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In this section, you will find a comprehensive glossary of terms that are specific to the Cubbit platform or essential for understanding its features and functionality.


Access Key

“Access Key” refers to an identifier used in combination with the Secret Key to authenticate requests to access a service or resource.


“Account” refers to a user's subscription to Cubbit. Every account is associated with a unique identifier, an email, a password, and it is used to access and manage the resources within the Cubbit services.


An ACL (Access Control List) is a set of rules that define who has access to a service, resource, or file, and what actions they are allowed to perform. It is used to control access and permissions for different users or groups and can be used to restrict or grant access to specific resources.


“Agent” refers to a small piece of software enabling a Cubbit storage node within Cubbit’s peer-to-peer network. It runs inside the Cubbit Cells.


An API (Application Programming Interface) is a set of rules and protocols for building and interacting with software applications. It specifies how software components should interact and allows for communication between different systems.

API key

An API key is a unique code that is passed in by a computer program to access a certain API and authenticate the identity of the calling program. It is used to track and control the usage of the API, and to grant access to certain resources or services. An API key is typically a long alphanumeric string that is unique to the developer or application that is using it.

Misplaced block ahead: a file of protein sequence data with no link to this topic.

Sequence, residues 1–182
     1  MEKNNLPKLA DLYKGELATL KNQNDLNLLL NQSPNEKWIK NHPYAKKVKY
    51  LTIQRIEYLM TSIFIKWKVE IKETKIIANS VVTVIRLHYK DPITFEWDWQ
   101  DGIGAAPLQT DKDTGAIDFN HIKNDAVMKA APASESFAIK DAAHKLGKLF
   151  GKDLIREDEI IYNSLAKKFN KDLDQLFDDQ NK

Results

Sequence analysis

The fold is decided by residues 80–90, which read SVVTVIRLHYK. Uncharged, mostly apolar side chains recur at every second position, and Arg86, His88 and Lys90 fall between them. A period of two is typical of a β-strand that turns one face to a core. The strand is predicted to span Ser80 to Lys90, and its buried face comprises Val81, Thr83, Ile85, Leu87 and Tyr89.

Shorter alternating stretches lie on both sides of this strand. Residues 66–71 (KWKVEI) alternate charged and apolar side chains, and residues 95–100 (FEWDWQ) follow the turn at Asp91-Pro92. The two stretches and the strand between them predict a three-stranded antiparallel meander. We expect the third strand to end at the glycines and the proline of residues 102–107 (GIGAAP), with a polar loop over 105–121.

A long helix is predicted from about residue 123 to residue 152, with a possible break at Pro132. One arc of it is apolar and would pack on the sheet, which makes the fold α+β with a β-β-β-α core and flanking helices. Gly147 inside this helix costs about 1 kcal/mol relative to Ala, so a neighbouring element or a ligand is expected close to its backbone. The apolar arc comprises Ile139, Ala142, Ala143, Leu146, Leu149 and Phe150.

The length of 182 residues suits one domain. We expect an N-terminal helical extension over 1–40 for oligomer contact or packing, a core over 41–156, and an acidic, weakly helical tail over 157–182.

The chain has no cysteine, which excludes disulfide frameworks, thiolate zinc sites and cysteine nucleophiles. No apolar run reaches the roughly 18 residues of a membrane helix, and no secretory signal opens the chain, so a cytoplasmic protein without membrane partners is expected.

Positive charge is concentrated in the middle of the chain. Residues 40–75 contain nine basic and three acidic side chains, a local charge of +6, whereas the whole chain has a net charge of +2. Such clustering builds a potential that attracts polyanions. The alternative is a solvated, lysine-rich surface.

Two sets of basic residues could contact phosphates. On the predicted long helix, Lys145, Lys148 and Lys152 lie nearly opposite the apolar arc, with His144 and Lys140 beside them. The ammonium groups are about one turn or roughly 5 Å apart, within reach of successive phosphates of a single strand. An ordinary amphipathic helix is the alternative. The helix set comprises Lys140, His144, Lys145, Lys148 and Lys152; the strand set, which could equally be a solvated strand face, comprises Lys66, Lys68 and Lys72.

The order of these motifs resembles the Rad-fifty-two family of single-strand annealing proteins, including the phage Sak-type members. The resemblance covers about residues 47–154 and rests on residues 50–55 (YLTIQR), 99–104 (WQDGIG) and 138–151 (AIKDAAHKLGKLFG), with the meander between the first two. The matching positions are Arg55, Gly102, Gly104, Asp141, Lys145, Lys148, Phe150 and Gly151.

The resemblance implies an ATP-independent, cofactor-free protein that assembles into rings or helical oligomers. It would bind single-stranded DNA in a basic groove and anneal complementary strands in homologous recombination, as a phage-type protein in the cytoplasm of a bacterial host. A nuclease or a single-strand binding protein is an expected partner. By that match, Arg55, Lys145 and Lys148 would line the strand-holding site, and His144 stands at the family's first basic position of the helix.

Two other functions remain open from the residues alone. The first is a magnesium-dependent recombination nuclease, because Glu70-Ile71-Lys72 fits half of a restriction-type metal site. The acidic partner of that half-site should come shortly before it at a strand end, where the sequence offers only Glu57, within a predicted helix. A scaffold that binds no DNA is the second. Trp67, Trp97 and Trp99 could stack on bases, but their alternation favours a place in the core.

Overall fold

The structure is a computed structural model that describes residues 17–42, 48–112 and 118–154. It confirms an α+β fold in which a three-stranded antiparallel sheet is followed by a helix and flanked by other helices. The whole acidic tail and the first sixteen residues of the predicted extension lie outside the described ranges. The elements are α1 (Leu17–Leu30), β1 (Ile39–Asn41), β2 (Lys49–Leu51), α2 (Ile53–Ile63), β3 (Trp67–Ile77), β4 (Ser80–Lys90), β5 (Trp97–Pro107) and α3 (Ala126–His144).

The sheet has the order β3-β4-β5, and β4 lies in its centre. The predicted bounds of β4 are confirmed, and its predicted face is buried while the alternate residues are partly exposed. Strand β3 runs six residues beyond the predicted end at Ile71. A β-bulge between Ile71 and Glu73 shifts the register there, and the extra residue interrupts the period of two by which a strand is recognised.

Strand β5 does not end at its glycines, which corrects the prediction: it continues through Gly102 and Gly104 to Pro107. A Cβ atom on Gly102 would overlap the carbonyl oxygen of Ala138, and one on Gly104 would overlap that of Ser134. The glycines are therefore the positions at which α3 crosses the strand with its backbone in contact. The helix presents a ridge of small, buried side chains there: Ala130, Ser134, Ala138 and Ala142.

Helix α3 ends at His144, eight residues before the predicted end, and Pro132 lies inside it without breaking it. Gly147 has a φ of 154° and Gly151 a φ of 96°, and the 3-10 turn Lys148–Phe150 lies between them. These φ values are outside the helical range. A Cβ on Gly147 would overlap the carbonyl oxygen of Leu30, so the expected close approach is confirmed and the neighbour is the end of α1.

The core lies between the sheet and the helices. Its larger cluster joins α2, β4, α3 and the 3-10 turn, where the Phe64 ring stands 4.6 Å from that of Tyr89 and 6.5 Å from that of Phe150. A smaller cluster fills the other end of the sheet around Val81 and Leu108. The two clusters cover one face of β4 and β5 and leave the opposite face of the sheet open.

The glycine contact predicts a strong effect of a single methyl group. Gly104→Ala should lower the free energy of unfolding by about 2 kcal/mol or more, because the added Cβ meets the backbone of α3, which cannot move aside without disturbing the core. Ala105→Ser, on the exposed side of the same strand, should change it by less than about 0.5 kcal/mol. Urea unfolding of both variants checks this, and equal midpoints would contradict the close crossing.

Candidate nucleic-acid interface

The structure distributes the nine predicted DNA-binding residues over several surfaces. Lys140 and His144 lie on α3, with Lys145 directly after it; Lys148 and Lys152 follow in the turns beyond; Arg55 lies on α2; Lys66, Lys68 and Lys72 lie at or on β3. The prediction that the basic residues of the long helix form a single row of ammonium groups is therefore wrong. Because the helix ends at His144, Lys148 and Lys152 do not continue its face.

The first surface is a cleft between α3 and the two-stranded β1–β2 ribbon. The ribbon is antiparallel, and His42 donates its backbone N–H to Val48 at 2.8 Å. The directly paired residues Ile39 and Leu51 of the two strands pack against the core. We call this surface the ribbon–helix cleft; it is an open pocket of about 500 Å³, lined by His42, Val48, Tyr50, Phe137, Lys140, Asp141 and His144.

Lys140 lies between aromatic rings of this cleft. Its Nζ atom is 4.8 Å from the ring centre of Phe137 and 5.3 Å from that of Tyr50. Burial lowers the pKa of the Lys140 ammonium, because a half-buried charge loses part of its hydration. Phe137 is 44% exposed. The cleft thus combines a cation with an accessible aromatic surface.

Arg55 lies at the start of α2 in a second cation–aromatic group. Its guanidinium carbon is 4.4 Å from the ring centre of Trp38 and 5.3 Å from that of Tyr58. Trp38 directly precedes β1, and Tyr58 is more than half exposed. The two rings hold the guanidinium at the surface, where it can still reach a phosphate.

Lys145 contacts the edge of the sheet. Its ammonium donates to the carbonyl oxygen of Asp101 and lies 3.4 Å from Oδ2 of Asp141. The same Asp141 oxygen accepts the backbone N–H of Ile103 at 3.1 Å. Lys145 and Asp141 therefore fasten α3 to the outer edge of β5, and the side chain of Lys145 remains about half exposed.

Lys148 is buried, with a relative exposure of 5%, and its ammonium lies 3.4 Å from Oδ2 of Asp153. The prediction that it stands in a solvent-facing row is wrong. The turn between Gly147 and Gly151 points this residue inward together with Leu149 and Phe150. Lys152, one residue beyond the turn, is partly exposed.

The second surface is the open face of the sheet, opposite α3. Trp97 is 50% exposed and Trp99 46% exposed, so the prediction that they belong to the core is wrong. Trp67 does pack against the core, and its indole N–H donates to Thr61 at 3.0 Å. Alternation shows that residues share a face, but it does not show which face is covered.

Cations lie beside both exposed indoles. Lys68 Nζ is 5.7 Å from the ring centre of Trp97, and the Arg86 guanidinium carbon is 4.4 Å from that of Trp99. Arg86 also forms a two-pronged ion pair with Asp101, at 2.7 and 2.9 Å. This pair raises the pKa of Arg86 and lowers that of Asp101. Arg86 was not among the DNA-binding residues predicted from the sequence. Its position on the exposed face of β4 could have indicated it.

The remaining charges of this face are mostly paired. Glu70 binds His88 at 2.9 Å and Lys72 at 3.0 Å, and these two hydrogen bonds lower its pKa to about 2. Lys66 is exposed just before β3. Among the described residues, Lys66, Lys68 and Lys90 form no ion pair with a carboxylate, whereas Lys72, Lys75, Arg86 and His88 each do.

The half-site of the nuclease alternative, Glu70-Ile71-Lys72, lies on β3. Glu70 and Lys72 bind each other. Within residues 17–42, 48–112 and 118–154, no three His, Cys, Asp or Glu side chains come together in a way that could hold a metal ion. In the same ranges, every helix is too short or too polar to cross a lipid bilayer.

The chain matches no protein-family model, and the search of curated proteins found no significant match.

Availability stands for data availability. It is expressed as a percentage indicating the probability of data being immediately available upon retrieval.


“Bandwidth” refers to the amount of data that can be transmitted over a network connection in a given period of time. It is typically measured in bits per second (bps) or bytes per second (Bps), and it is often used to describe the capacity of a network link or the amount of data that can be transferred in a specific amount of time.


A bucket is a container used to store files in object storage systems.

Bucket Versioning

Bucket Versioning is a feature that allows you to keep multiple versions of an object in the same bucket, preserving every version of it. This can be useful for maintaining different versions of a file, or for restoring a previous version in case the file is accidentally deleted or modified.


“Centralized” refers to a system in which all the components are located in a single location or controlled by a single entity


A chunk is a portion of a file uploaded to Cubbit's geo-distributed network. Chunks are fixed-size portions and represent the minimum unit of redundancy within the Swarm. When a user uploads a file, it is divided into chunks of fixed size.